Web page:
The downside to this method is that follow-on Editors must carefully study the code to determine what named citations are repeated where. For that reason, it is recommended that Editors only use this method for articles they feel are nearing completion and would not need much more adaption or editing by differing people. However, that is guidance and is not mandated.

Note regarding Reference and Bibliography sections[edit]

The levels of referencing (Basic, Specific and Detailed) utilize the References and Bibliography sections in a similarly progressive manner. The Basic method, when not mixed in with more advanced citing within an article, makes use of the References section without a Bibliography section. However, once more advanced citing is introduced within an article, both sections should be included and references are handled in a rather different manner.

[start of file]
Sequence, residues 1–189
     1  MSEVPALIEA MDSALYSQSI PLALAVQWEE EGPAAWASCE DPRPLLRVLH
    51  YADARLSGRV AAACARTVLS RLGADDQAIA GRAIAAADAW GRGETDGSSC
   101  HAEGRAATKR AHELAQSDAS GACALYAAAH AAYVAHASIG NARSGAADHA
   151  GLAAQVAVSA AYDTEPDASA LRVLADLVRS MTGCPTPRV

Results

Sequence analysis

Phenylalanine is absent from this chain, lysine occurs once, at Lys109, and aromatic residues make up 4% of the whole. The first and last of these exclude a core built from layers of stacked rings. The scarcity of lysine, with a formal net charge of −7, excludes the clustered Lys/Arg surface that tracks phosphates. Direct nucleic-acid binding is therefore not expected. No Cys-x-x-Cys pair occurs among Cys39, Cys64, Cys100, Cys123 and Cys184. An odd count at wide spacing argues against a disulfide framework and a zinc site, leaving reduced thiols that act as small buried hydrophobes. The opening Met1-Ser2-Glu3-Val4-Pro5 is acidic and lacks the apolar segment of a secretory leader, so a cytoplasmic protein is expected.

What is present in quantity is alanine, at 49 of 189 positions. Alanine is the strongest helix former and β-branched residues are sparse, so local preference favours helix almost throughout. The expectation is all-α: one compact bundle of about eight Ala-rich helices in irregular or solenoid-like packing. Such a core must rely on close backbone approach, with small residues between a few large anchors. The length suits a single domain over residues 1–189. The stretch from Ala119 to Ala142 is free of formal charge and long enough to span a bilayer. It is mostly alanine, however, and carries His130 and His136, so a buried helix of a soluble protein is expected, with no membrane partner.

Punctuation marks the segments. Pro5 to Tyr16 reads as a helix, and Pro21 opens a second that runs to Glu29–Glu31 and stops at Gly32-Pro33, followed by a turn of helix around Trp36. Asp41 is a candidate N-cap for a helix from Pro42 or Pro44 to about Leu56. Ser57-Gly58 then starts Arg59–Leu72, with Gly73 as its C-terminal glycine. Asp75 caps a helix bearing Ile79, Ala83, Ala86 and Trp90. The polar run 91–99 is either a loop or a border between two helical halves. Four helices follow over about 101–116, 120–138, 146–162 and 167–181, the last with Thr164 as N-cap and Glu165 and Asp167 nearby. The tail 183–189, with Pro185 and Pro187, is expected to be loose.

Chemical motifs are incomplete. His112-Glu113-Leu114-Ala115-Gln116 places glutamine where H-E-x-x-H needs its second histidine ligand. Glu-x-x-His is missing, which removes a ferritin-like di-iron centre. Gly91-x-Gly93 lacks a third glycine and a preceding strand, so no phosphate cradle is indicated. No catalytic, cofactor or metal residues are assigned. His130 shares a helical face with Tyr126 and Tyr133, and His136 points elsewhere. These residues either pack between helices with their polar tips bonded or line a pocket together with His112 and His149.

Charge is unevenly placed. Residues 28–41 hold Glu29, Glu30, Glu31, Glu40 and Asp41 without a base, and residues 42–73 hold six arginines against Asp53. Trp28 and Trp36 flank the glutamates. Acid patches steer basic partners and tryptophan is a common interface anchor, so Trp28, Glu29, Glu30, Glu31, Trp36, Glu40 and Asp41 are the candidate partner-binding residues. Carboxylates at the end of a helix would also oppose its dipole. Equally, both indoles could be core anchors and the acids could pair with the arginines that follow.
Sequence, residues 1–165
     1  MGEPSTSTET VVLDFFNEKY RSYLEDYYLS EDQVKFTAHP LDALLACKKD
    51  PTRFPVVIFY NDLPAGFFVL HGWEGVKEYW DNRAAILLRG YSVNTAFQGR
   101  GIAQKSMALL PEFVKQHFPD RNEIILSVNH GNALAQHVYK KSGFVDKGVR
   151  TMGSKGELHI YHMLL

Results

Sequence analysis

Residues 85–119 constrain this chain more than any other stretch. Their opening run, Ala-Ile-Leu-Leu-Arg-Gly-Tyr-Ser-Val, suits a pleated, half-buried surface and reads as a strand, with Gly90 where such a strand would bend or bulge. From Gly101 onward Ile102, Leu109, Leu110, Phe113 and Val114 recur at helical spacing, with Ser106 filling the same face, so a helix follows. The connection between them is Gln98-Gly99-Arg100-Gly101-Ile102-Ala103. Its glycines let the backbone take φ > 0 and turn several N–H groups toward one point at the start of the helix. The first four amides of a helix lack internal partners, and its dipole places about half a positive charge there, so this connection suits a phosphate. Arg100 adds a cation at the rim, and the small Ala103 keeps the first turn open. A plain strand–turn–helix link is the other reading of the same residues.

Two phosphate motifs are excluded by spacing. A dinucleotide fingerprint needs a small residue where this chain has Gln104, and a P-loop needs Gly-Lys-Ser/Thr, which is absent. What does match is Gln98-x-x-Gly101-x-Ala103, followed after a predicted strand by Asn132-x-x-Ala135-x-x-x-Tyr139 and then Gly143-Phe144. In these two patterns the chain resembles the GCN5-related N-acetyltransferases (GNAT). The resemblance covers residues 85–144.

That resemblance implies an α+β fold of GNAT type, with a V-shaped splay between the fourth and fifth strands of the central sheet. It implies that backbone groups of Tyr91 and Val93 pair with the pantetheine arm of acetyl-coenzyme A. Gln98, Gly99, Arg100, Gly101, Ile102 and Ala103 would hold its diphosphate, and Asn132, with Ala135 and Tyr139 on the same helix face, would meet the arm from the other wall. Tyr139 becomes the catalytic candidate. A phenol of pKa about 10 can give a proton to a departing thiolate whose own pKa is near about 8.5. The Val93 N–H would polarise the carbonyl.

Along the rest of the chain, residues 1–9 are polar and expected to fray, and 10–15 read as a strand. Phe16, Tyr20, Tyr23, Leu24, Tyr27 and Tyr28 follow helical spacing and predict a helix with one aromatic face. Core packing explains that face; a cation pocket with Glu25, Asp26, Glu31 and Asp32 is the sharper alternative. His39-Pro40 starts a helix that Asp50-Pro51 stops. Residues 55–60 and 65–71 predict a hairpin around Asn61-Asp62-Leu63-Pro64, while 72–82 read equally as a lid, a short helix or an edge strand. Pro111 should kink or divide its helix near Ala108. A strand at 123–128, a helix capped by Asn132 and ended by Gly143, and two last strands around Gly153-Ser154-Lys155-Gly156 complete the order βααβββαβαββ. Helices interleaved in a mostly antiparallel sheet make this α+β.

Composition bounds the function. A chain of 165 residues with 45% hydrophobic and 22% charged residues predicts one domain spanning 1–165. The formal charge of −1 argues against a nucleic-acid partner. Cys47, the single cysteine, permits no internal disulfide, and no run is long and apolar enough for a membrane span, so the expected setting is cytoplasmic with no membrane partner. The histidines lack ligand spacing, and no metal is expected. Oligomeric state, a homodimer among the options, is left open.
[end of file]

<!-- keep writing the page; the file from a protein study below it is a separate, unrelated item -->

Reference section[edit]

With the use of Specific or Detailed citations, the References section serves a means to indicate where certain information provided within the article can be found in official sources. In that case, it is no longer appropriate to include title-only entries (ex: ''[[FedCom Civil War]]'') in the References section. Instead, these should be added to the following Bibliography section.

Bibliography section[edit]

Once a Bibliography section is added to an article, the article should also have a functional References section. The Bibliography provides a quick means of identifying official (and, rarely, unofficial) sources of material that coincide with the article. It should be clear, however, that the inclusion of a source's title within the Bibliography does not necessarily indicate that source has been used yet (or will at all) within the above article. Oftentimes, Editors may recognize that a source exists that also provides information on the subject of the article, but has not been included within the article itself. This identifies for Readers the additional source they can use to learn more about the subject and allows follow-on Editors to identify additional sources to utilize in expanding the article. By providing the linked title within the Bibliography, it allows both Readers and Editors to go the BTW article about that source.